Barossa German (German: Barossadeutsch or Barossa-Deutsch) is a dialect of German, predominately spoken in the Barossa Valley region of South Australia. The prominent South Australian writer, Colin Thiele (1920–2006), whose grandparents were German immigrants, referred to "Barossa-Deutsch" as: "that quaintly inbred and hybrid language evolved from a century of linguistic isolation". It takes its name from the Barossa Valley, where many German people settled during the 19th century. Some words from Barossa German have entered South Australian English.

Gippsland languages

The Gippsland languages are a family of Pama–Nyungan languages of Australia. They are spoken in the Gippsland region, the southernmost part of mainland Australia, on the Bass Strait. There are three rather distant branches; these often considered single languages, though the dialects of Gaanay are sometimes counted separately:

Gaanay (Kurnai): Muk-thang, Nulit, Thangquai, Bidhawal


PallanganmiddangAll are now extinct.

The Gippsland languages, especially Gaanay, have phonotactics that are unusual for mainland Australian languages, but characteristic of Tasmanian languages.

Gujarati language

Gujarati (; ગુજરાતી gujarātī [ɡudʒəˈɾɑtiː]) is an Indo-Aryan language native to the Indian state of Gujarat and spoken predominantly by the Gujarati people. Gujarati is part of the greater Indo-European language family. Gujarati is descended from Old Gujarati (circa 1100–1500 AD). In India, it is the official language in the state of Gujarat, as well as an official language in the union territories of Daman and Diu and Dadra and Nagar Haveli. As of 2011, Gujarati is the 6th most widely spoken language in India by number of native speakers, spoken by 55.5 million speakers which amounts to about 4.5% of the total Indian population. It is the 26th most widely spoken language in the world by number of native speakers as of 2007.The Gujarati language is more than 700 years old and is spoken by more than 55 million people worldwide. Outside of Gujarat, Gujarati is spoken in many other parts of South Asia by Gujarati migrants, especially in Mumbai and Pakistan (mainly in Karachi). Gujarati is also widely spoken in many countries outside South Asia by the Gujarati diaspora. In North America, Gujarati is one of the fastest growing and most widely-spoken Indian languages in the United States and Canada. In Europe, Gujaratis form the second largest of the British South Asian speech communities, and Gujarati is the fourth most commonly spoken language in the U.K.'s capital London. Gujarati is also spoken in Southeast Africa, particularly in Kenya, Uganda, Tanzania, Zambia, and South Africa. Elsewhere, Gujarati is spoken to a lesser extent in China (particularly Hong Kong), Indonesia, Singapore, Australia, and Middle Eastern countries such as Bahrain. Gujarati was the mother tongue of Mahatma Gandhi and Muhammad Ali Jinnah.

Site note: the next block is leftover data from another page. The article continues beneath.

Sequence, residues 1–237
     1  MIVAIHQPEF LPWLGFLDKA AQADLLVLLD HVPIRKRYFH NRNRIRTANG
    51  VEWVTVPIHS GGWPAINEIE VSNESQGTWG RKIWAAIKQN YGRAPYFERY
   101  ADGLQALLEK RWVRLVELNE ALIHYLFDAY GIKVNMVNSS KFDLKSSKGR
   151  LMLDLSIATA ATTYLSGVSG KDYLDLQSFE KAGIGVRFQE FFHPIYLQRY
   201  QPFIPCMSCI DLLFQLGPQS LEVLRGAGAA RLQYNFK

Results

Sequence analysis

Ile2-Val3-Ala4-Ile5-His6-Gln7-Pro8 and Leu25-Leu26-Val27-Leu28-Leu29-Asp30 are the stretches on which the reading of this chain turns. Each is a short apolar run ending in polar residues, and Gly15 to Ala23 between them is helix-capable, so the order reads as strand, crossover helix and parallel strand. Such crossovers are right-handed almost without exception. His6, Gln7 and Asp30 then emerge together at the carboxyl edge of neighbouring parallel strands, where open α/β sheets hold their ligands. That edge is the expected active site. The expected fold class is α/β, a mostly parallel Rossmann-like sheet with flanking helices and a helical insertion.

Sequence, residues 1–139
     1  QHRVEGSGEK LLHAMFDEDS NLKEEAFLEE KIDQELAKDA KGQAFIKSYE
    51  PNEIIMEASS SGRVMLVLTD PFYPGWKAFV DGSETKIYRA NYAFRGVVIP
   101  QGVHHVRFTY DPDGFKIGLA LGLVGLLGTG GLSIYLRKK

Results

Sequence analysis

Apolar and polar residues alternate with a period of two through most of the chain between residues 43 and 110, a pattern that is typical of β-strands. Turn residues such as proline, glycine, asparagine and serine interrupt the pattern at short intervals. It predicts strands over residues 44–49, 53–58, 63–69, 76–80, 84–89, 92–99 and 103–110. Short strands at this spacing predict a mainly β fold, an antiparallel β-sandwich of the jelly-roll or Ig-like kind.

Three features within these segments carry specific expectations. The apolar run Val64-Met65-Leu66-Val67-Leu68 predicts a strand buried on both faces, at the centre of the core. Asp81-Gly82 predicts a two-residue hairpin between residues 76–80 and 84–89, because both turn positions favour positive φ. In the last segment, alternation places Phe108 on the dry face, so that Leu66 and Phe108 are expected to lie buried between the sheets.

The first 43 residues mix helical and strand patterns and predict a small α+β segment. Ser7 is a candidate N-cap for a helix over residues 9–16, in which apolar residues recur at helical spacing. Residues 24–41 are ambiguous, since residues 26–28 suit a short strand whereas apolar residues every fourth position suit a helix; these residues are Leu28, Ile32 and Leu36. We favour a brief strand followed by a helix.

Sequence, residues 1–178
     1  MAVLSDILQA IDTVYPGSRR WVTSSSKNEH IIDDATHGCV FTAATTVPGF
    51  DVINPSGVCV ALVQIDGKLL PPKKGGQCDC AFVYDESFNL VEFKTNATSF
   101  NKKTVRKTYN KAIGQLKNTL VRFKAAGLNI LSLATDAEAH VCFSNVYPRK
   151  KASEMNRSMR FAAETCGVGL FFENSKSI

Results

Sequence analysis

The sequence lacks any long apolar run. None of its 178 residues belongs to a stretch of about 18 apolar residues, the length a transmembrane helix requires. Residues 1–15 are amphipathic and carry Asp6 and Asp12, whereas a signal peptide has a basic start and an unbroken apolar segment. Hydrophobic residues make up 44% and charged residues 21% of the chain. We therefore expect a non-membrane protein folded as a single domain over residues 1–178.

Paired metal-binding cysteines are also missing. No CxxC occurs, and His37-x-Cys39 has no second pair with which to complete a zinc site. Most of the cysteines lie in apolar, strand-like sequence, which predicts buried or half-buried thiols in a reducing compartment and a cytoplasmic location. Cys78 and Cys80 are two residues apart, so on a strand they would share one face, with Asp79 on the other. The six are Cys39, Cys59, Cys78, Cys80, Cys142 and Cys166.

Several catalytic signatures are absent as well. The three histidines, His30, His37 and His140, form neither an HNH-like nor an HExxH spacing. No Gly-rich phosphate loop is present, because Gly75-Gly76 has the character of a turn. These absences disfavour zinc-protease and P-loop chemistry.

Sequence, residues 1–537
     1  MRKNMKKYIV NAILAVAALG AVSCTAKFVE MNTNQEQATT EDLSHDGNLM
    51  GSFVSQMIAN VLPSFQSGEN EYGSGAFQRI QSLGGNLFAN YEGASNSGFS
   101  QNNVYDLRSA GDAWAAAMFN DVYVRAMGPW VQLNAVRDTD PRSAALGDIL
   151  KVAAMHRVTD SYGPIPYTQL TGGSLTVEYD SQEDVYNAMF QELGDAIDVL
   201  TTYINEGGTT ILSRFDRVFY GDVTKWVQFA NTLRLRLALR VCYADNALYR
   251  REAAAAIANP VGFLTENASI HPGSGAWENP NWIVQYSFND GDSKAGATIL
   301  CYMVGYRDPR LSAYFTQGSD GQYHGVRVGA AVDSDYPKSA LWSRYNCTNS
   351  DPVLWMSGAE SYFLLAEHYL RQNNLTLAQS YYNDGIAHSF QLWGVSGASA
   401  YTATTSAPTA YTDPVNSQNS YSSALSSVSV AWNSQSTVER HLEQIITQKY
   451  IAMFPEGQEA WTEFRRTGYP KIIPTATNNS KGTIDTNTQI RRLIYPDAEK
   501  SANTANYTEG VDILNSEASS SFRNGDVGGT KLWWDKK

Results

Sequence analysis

Languages of Norfolk Island

There are two official languages of Norfolk Island, English and Norfuk. English, due to the influence of Great Britain and Australia, the two colonial powers who administered Norfolk Island, is the dominant language of the pair. Norfuk, a creole language based on English and Tahitian and brought to the island by the descendants of the Bounty mutineers from Pitcairn Island was spoken by 580 persons according to the 1989 census. It is closely related to Pitkern spoken on Pitcairn Island.

Lateral consonant

A lateral is consonant in which the airstream proceeds along the sides of the tongue, but it is blocked by the tongue from going through the middle of the mouth. An example of a lateral consonant is the English l, as in Larry.

For the most common laterals, the tip of the tongue makes contact with the upper teeth (see dental consonant) or the upper gum (see alveolar consonant), but there are many other possible places for laterals to be made. The most common laterals are approximants and belong to the class of liquids, but lateral fricatives and affricates are also common in some parts of the world. Some languages, such as the Iwaidja and Ilgar languages of Australia, have lateral flaps, and others, such as the Xhosa and Zulu languages of Africa, have lateral clicks.

When pronouncing the labiodental fricatives [f] and [v], the lip blocks the airflow in the centre of the vocal tract, so the airstream proceeds along the sides instead. Nevertheless, they are not considered lateral consonants because the airflow never goes over the tongue. No known language makes a distinction between lateral and non-lateral labiodentals. Plosives are never lateral, but they may have lateral release. Nasals are never lateral either, but some languages have lateral nasal clicks. For consonants articulated in the throat (laryngeals), the lateral distinction is not made by any language, although pharyngeal and epiglottal laterals are reportedly possible.


Maltralian (in Maltese: Il-Maltraljan), is the Maltese language of Australia, spoken by Maltese emigrants in the continent.

The development of the Maltese language in a country far removed from Malta continued, in an environment that maintained a sense of origin and culture. It is essential to look to the history of this development in order to appreciate the Maltese dialect spoken in Australia.

Meriam language